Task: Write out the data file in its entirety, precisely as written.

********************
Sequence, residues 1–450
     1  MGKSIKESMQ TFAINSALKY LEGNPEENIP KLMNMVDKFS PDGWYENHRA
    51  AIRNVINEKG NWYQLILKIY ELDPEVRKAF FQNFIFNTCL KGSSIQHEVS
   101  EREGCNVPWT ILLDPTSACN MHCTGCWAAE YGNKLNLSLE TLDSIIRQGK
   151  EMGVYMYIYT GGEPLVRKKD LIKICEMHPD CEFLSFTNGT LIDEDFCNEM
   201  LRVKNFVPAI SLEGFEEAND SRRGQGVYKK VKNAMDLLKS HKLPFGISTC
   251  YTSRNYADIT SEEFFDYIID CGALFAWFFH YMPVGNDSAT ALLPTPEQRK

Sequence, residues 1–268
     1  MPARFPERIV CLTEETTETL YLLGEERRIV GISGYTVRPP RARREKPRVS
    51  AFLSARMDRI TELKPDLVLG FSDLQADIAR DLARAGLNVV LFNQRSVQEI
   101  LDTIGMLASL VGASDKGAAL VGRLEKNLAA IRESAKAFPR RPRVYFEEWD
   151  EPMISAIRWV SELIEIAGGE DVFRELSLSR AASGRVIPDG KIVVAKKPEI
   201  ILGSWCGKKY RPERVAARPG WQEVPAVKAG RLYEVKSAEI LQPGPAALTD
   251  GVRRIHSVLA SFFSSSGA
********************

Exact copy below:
Sequence, residues 1–450
     1  MGKSIKESMQ TFAINSALKY LEGNPEENIP KLMNMVDKFS PDGWYENHRA
    51  AIRNVINEKG NWYQLILKIY ELDPEVRKAF FQNFIFNTCL KGSSIQHEVS
   101  EREGCNVPWT ILLDPTSACN MHCTGCWAAE YGNKLNLSLE TLDSIIRQGK
   151  EMGVYMYIYT GGEPLVRKKD LIKICEMHPD CEFLSFTNGT LIDEDFCNEM
   201  LRVKNFVPAI SLEGFEEAND SRRGQGVYKK VKNAMDLLKS HKLPFGISTC
   251  YTSRNYADIT SEEFFDYIID CGALFAWFFH YMPVGNDSAT ALLPTPEQRK

Sequence, residues 1–268
     1  MPARFPERIV CLTEETTETL YLLGEERRIV GISGYTVRPP RARREKPRVS
    51  AFLSARMDRI TELKPDLVLG FSDLQADIAR DLARAGLNVV LFNQRSVQEI
   101  LDTIGMLASL VGASDKGAAL VGRLEKNLAA IRESAKAFPR RPRVYFEEWD
   151  EPMISAIRWV SELIEIAGGE DVFRELSLSR AASGRVIPDG KIVVAKKPEI
   201  ILGSWCGKKY RPERVAARPG WQEVPAVKAG RLYEVKSAEI LQPGPAALTD
   251  GVRRIHSVLA SFFSSSGA